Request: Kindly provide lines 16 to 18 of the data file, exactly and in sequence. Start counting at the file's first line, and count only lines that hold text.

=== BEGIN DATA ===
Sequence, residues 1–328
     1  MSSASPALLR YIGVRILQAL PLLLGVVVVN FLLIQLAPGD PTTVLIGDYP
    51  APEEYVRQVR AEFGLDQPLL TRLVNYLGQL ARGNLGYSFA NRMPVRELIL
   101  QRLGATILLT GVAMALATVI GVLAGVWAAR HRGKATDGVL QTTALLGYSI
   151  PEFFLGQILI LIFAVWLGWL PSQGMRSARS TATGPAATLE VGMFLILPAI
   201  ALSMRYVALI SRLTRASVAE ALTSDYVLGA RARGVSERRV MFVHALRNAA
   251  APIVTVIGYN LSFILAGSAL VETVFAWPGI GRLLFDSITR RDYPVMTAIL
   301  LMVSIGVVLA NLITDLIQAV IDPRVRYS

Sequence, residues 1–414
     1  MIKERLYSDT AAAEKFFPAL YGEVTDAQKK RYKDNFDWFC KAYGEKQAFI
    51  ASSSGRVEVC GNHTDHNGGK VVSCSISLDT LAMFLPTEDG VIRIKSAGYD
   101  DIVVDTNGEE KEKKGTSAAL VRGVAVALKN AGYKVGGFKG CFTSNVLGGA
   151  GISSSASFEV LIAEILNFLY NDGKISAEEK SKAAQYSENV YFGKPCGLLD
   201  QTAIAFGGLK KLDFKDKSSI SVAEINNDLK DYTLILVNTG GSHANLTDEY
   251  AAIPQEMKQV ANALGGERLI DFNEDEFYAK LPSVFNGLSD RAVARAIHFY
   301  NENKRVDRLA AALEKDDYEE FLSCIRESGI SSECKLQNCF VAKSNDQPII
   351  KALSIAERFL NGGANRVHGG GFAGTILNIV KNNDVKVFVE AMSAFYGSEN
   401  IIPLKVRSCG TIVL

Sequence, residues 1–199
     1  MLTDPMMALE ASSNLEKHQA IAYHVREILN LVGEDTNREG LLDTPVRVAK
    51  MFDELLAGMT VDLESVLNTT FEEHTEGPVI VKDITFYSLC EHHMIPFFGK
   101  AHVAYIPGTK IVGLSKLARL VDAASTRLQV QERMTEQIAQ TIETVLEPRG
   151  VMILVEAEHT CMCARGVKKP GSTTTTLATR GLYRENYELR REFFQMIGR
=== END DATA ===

   301  NENKRVDRLA AALEKDDYEE FLSCIRESGI SSECKLQNCF VAKSNDQPII
   351  KALSIAERFL NGGANRVHGG GFAGTILNIV KNNDVKVFVE AMSAFYGSEN
   401  IIPLKVRSCG TIVL